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America taking notice of Fraser Institute’s “misleading” research

Fraser Institute gets called out by experts. Again.

The Fraser Institute has made another international headline for all the wrong reasons.

One of America’s top news sites has called out the right-wing think tank for “misleading” research based on a “fallacy.”

A new CNBC story slams the methodology used in the Fraser Institute’s recent report on Canadian household debt.

Statistics Canada shows the country’s average household debt has grown considerably in recent years. But the Fraser Institute described it as “not excessive” and called concern over the issue “overblown.”

While the Institute said there’s little evidence to show Canadians are borrowing beyond their means, CNBC quotes two economists who seriously disagree.

Why?

 1. The Fraser Institute report is “misleading”…

… because it ignores principal repayments on original loans – and only shows the payments on debt interest, according to David Madani, an economist with Capital Economics.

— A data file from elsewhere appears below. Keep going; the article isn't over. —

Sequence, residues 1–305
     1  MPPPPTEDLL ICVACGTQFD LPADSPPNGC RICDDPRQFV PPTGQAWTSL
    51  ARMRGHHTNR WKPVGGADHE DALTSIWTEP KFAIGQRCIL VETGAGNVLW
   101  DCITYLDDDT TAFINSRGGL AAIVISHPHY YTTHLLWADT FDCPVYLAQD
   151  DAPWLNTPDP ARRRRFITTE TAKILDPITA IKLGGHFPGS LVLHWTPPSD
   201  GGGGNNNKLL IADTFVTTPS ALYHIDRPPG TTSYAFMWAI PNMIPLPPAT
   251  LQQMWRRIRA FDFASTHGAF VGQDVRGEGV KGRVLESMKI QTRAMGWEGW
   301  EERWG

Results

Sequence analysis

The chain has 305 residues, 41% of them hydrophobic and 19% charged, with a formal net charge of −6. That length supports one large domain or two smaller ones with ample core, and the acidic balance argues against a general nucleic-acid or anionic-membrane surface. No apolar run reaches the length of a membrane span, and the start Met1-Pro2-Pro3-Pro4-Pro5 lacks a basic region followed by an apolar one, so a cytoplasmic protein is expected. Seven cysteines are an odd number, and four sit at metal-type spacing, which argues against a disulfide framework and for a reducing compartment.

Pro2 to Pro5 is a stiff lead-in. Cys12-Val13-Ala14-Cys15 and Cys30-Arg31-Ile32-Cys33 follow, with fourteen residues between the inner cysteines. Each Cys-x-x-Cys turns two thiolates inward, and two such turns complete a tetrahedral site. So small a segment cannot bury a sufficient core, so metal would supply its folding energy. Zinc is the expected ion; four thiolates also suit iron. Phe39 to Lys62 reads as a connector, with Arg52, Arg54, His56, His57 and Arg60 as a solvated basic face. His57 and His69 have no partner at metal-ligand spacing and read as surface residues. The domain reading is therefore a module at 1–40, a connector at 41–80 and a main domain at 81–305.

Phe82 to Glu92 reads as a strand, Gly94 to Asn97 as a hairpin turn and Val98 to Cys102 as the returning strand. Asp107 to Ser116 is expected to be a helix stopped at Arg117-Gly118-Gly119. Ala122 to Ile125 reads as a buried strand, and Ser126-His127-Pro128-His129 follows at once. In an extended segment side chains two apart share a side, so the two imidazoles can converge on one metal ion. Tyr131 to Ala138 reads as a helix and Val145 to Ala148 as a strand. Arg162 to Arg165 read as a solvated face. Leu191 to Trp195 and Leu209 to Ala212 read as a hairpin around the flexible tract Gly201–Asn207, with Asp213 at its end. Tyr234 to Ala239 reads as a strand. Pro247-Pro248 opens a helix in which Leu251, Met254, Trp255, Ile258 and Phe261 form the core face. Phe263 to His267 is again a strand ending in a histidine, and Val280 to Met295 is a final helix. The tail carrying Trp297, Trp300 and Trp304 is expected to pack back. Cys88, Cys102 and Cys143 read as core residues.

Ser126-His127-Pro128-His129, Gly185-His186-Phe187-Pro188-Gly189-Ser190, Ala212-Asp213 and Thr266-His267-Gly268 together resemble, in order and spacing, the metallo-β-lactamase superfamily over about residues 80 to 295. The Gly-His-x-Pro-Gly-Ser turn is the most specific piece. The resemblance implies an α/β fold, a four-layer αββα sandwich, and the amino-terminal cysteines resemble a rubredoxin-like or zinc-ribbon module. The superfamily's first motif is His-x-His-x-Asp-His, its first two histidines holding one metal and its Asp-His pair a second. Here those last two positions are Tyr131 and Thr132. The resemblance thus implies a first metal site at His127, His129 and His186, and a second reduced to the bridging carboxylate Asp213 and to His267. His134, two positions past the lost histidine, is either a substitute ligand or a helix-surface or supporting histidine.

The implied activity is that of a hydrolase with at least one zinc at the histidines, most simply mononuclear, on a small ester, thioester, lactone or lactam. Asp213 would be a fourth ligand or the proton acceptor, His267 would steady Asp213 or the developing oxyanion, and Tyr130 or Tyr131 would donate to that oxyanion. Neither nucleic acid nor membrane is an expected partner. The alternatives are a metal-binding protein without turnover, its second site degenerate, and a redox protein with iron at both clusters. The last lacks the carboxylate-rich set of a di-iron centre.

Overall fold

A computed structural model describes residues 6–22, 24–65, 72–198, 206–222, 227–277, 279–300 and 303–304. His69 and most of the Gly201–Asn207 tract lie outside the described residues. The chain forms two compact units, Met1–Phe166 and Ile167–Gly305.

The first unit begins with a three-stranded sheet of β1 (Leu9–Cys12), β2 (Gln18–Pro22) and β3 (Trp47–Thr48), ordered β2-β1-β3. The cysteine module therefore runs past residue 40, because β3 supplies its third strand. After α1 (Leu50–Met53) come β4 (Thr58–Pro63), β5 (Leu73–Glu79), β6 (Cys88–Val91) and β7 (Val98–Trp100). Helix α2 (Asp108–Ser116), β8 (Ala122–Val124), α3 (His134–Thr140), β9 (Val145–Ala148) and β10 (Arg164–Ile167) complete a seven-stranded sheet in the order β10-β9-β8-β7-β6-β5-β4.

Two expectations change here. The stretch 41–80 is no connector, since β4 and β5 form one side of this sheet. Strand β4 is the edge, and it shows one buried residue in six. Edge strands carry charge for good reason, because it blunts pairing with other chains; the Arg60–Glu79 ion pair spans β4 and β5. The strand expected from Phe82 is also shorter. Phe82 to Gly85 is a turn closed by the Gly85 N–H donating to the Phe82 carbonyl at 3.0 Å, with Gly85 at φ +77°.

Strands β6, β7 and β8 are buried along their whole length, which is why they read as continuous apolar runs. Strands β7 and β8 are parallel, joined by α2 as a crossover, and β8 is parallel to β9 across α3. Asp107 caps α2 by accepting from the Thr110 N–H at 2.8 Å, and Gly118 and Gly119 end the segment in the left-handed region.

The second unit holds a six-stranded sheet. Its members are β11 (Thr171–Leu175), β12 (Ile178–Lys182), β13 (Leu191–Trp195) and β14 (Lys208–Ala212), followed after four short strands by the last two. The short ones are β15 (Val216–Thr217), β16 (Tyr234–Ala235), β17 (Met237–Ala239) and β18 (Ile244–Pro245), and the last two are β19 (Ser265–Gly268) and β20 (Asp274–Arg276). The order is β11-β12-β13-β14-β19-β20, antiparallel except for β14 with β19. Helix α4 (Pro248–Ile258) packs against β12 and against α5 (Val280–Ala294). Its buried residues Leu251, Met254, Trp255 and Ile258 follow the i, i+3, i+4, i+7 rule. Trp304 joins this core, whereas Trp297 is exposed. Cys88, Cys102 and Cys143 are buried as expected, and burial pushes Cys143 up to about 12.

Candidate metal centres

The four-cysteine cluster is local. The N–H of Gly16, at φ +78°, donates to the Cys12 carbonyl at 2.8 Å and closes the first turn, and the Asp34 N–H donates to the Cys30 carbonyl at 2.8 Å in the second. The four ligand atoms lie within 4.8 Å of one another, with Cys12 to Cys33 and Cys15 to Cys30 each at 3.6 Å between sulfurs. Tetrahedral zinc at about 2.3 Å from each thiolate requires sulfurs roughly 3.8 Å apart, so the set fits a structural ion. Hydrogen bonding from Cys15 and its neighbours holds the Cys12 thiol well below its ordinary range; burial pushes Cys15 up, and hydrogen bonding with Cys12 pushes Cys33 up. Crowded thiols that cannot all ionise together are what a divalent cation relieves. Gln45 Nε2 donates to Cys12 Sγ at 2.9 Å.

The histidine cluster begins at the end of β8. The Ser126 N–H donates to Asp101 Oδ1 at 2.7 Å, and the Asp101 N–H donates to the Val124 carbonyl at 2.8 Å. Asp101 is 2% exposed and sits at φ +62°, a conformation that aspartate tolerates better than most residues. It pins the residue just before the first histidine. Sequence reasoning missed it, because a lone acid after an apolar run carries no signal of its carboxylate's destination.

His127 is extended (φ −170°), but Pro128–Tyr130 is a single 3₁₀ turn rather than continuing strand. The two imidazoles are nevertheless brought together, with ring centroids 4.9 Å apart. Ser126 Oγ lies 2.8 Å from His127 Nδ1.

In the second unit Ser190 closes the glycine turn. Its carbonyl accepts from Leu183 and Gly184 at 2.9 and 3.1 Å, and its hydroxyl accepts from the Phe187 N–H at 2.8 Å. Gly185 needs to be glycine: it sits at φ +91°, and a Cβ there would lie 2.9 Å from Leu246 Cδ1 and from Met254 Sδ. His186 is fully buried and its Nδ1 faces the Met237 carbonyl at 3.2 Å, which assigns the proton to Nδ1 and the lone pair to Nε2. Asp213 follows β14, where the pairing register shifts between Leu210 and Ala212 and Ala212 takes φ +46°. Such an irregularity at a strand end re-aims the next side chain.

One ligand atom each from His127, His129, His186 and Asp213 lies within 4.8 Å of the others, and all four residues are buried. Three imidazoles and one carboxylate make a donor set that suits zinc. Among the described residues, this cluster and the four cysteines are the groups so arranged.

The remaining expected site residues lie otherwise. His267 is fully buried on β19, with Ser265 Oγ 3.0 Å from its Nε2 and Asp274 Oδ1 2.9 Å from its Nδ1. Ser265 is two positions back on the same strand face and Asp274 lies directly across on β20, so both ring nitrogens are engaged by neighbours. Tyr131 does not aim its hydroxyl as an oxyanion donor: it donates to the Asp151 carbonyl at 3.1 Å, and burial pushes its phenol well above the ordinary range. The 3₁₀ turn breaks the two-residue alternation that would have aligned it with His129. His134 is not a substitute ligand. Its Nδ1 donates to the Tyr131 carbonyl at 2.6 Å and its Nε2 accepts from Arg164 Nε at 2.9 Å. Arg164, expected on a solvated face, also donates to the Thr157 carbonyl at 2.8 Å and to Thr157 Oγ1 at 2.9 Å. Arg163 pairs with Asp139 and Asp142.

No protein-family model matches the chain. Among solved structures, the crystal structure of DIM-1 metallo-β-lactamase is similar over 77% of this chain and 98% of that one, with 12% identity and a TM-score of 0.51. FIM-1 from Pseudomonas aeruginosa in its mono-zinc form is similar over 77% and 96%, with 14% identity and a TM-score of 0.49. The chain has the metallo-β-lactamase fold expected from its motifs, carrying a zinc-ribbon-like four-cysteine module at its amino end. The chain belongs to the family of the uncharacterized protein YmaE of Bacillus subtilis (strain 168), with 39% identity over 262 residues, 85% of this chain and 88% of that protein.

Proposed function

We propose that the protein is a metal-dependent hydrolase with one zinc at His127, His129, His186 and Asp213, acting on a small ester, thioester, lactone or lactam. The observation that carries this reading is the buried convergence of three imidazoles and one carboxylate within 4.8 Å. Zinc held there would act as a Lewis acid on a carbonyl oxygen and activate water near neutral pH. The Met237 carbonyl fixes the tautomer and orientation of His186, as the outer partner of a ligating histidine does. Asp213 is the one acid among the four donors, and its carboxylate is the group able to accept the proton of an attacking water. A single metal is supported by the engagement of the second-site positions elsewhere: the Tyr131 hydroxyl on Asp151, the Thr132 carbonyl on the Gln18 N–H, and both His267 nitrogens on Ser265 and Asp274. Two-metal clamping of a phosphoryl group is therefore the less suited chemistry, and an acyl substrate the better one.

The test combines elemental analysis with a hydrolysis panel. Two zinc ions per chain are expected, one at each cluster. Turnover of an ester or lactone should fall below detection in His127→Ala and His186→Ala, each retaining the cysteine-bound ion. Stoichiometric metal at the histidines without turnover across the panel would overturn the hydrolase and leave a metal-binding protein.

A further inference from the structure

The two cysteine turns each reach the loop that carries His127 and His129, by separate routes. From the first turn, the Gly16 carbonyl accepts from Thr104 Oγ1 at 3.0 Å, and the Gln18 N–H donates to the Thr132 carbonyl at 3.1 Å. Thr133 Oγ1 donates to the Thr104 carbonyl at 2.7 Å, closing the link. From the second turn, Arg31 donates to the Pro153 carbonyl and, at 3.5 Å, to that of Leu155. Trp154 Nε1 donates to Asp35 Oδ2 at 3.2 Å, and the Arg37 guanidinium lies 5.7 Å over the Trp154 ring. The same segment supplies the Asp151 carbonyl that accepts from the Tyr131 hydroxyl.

He also published a critique of the think tank’s report on Monday:

 “The all-clear siren sounded by the Fraser Institute last week on household debt is misleading. The debt service metric they use only captures the interest cost portion of debt, which completely misses the point in a high debt, low interest rate environment.”

Madani said an expected rise in market interest rates in the coming years will make Canadian household debt burdens even “more onerous.”

2. The Fraser Institute report is based on a “fallacy”… 

… because it argues that rising Canadian private debt is being offset by the fact that personal assets and net worth levels are increasing at a higher rate.

CNBC countered that “this sort of thinking has been lambasted by economists.” Then they interviewed one just to prove their point.

Steve Keen, head of the School of Economics, Politics & History at London’s Kingston University, told CNBC that relying on rising assets is a “fallacy,” noting “it’s much more sensible to compare the level of debt to the level of income.”

This isn’t the first time the Fraser Institute’s methodology has been slammed internationally. Just ask the United Nations‘ agency on international labour or Hong Kong.

Photo: barkbud. Used under a Creative Commons licence.

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